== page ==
Temagami: Maple Mountain Print
Canoe Routes
Wednesday, 30 June 1999 19:00
Seeing as how our Algonquin trip the previous year had been such a great outing, Judy and I decided to make it an annual getaway. This time we decided to try a more rugged destination: Temagami.

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The view from Maple Mountain.
Pronounced "Te-MAWG-a-mee" (the word is Ojibway for "deep water by the shore"), this place is the reality that fuels the popular perception of Canada's great northland: Old growth pine forests. Smooth blue waters. Brilliantly white, powdery snow. Bountiful fish and wildlife. You get the picture.

Judy and I decided to make this a destination trip with Maple Mountain, the second highest point in Ontario, the focal point. Our plan was a four night route beginning at Ferguson Bay on the north end of Temagami Lake through Diamond, Willow Island and Sucker Gut Lakes and back with a hike up Maple Mountain in the middle.

Because of the distance, we didn't get onto the water until 2PM and not knowing the route all that well, we made the mistake of pushing southward toward the middle of Temagami Lake instead of cutting through the portage at Mount Napolean toward Sharp Rock Inlet. We paid for it too as all the nearby campsites were taken and we spent a miserable first night on Beaver Island.

Day two found us once again spending a lot of times searching for the portage route into Willow Island Lake but we were rewarded with an excellent site at the northern tip of the lake. Using that site as home base, Judy and I packed just a few items for our day trip out to Maple Mountain the next day.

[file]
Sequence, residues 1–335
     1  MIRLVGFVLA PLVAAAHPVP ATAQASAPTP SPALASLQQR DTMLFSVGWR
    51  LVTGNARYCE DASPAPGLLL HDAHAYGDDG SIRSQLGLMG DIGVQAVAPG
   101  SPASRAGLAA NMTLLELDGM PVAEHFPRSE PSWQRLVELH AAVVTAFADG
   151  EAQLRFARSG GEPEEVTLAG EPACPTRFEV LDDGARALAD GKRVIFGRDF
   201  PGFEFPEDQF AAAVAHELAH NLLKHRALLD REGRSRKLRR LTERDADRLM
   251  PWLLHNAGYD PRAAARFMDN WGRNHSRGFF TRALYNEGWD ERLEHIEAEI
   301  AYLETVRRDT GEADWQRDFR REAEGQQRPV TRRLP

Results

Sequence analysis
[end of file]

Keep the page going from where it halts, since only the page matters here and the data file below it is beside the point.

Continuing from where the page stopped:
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Mmmmmm. Pancake breakfast.
What fun. Who knew it would be so difficult to find the little creek leading to Hobart Lake? It was only after wasting two hours following a non-existant trickle and lifting over five beaver dams that we decided we couldn't possibly be on the right path and headed back to the dead-wooded bay of Sucker Gut Lake and found the right path. Because of the lost time, we climbed hard to the top and were well rewarded with the view. It's a helluva climb - with an iron staircase embedded into the rock at the top to boot - but from the abandoned forest fire watchtower, you can almost see the whole of the Lady Evelyn- Smoothwater Provincial Park. Day three had us paddling back leisurely toward Ferguson Bay along a route we now knew a little better.

We found a nice campsite on Beaver Island and settled in for the night of our lives. Around 9PM, it began to storm. Thunder. Lightning. The whole bit. That was neat to watch. What wasn't so great was the increasing wind. At its worst, we found it lifting up our tent with us in it. Scary. But it finally died down and we had only a short portage left back to our starting point to end the trip the following morning.

Would I come back?

Absolutely.